A new group home for medically fragile children is set to open this winter, after the Legislature gave the project a financial boost with capital funding this spring.
Ashley House, a Puget Sound-based nonprofit, will operate the south Spokane home for medically fragile children and teens 18 years old and younger.
When it is completed, the home will offer full-time and respite care to medically fragile children in the area, filling a current gap in the system of care in Spokane.
“The main reason we’re doing it is to meet a need,” Ken Maaz, executive director of Ashley House, said. “Coming here will meet a need that families in this area have.”
The last medically fragile group home that served children and teens 18 years old and younger in the Spokane area closed in 2019 after it lost its license from the state.
The closure left some families in jeopardy: Some opted to take their kids into their own homes and have nursing care offered there, while others made tough decisions to send their kids out of the region to get care.
Currently, there is one group home for medically fragile children in Spokane County, the Bogden House, which is licensed to care for five children under the age of 10.
For the Groves, a Spokane family who chose to bring their son Isaac back into their family home when the Weeping Ridge facility closed in 2019, the new Ashley House in south Spokane means that after more than two years, they will have a local option for care for their son, who is 14.
Sam Grove, Isaac’s father, has been a long-time advocate for the Ashley House home, and both legislators and Ashley House staff acknowledged his role in bringing the project to fruition.
The south Spokane Ashley House will be able to offer care for up to eight children and teens initially. Ashley House offers transitional care from the hospital, long-term care for children to live permanently there, respite care for when families need a break as well as end-of-life care.
Medically fragile children, who might have a tracheostomy or require a ventilator to live, typically need nursing support to help with their daily needs, including eating and bathing. At-home nursing care is available to families with medically fragile children, but group homes like the Bogden House or Ashley House provide options for families who might be unable to accommodate at-home care.
State Rep. Marcus Riccelli, who is on the Capital Budget Committee, was one of the lawmakers who helped secure $552,000 for the Ashley House in Spokane. The funds are used for local projects, requested by local lawmakers, essentially funneling taxpayer dollars back to their own communities. The funding for the Ashley House had bipartisan support, and both Republican and Democratic lawmakers were at the groundbreaking ceremony Friday.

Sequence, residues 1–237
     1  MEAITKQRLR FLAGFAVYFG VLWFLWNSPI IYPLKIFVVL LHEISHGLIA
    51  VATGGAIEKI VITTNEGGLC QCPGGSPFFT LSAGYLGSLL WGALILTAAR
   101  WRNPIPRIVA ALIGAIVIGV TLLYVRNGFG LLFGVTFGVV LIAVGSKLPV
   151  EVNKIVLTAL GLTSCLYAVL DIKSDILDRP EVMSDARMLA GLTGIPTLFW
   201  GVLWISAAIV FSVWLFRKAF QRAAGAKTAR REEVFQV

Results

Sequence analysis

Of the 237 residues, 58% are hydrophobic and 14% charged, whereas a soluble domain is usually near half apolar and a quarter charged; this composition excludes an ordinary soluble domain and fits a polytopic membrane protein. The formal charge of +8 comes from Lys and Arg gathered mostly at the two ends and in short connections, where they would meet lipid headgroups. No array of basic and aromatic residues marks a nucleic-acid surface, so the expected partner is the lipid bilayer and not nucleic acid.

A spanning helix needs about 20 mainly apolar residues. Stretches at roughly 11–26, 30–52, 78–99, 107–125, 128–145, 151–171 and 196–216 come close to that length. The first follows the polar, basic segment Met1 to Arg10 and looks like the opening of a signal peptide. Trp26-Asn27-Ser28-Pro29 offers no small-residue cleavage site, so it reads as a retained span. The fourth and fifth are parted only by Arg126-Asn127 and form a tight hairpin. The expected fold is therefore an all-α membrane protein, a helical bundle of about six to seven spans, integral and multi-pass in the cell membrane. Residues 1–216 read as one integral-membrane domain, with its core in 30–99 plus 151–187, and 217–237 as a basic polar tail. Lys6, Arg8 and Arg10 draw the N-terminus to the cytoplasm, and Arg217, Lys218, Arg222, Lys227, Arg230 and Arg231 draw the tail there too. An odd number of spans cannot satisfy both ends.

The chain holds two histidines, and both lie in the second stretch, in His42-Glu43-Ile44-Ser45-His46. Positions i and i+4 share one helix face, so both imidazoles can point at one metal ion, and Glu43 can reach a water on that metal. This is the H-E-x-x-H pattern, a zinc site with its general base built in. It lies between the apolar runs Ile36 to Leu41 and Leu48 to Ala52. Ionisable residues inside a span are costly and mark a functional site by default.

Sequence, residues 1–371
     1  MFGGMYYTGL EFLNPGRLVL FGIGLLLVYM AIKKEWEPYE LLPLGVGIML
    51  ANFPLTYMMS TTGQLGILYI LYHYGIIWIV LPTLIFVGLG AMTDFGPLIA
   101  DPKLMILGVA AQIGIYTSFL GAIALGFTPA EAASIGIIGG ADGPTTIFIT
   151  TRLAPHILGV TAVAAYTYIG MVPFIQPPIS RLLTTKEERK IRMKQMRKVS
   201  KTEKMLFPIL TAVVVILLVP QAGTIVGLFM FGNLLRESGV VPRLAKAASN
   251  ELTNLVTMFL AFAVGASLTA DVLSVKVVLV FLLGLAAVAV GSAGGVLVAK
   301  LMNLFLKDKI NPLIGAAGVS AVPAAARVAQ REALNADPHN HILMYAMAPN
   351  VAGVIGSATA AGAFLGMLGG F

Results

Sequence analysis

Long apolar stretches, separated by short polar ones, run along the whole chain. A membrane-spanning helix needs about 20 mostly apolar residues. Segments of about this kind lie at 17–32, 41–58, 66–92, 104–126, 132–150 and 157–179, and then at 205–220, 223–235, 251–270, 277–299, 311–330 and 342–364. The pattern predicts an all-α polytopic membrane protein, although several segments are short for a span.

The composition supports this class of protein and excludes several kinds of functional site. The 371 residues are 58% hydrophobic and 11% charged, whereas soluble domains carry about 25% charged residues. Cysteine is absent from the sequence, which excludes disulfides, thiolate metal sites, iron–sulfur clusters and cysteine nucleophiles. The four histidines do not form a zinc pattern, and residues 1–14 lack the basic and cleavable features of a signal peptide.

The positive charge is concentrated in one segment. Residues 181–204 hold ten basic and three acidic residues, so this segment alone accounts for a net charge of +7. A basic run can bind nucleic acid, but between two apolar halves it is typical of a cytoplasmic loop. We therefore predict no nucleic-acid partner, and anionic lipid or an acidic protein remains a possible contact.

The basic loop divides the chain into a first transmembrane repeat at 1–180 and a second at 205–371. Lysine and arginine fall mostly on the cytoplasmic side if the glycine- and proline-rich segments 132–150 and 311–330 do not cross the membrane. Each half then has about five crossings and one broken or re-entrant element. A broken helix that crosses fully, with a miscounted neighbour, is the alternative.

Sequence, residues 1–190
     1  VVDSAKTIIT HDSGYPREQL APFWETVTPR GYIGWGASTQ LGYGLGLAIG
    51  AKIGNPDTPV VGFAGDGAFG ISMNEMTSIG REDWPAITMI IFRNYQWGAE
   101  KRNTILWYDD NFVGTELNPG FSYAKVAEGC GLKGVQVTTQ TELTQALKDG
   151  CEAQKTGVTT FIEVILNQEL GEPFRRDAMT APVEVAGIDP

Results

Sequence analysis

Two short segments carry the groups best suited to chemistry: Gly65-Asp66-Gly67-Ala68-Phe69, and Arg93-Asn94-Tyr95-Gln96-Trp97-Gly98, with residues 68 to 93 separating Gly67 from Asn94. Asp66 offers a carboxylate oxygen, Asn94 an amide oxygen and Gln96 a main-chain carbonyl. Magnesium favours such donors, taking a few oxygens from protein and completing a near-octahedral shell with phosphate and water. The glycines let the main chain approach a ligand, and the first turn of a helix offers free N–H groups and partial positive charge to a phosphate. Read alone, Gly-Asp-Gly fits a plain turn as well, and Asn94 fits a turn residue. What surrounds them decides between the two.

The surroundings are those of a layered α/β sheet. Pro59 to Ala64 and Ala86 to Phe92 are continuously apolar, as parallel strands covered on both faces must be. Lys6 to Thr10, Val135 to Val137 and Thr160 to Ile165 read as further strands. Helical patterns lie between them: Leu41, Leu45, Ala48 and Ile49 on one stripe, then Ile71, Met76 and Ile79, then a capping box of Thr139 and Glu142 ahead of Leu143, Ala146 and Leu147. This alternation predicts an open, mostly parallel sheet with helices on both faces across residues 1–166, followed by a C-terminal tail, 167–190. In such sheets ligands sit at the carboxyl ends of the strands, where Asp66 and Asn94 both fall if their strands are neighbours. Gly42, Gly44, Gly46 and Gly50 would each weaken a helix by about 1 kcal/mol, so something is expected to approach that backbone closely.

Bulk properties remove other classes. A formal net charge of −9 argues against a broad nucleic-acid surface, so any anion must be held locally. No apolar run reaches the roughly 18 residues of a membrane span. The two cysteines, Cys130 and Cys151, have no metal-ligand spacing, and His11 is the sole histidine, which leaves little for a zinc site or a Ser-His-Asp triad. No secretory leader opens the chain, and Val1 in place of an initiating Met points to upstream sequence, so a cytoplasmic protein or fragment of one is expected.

Riccelli said the project was prioritized especially due to the need for the home in the Spokane area. There are only a few group homes for medically fragile kids in Eastern Washington, and when Weeping Ridge closed in 2019, some families had to send their children to Yakima, the Tri-Cities or the Puget Sound region for care.
“A facility like this will hopefully provide access that’s needed,” Riccelli said on Friday, noting how hard it is on families to make the decision to send their kids far away for care.
Ashley House will need to hire about 15 medical staff to work at the south Spokane home, as well as apply for licensure through the state. In the meantime, remodeling will soon begin at the house, with many local contractors offering discounted or free services to get the house ready for opening.
The Spokane house is still raising some more funds for a van to transport kids as well as furnishings for the rooms. Ashley House is a nonprofit organization, and they currently operate five homes for medically fragile children and teens in the Puget Sound area.
The nonprofit was able to close on the house, which is on South Cook Street, before the housing market took off in the region. Operators hope to open the home by winter.
Local journalism is essential.
Give directly to The Spokesman-Review's Northwest Passages community forums series -- which helps to offset the costs of several reporter and editor positions at the newspaper -- by using the easy options below. Gifts processed in this system are not tax deductible, but are predominately used to help meet the local financial requirements needed to receive national matching-grant funds.
Subscribe to the Coronavirus newsletter
Get the day’s latest Coronavirus news delivered to your inbox by subscribing to our newsletter.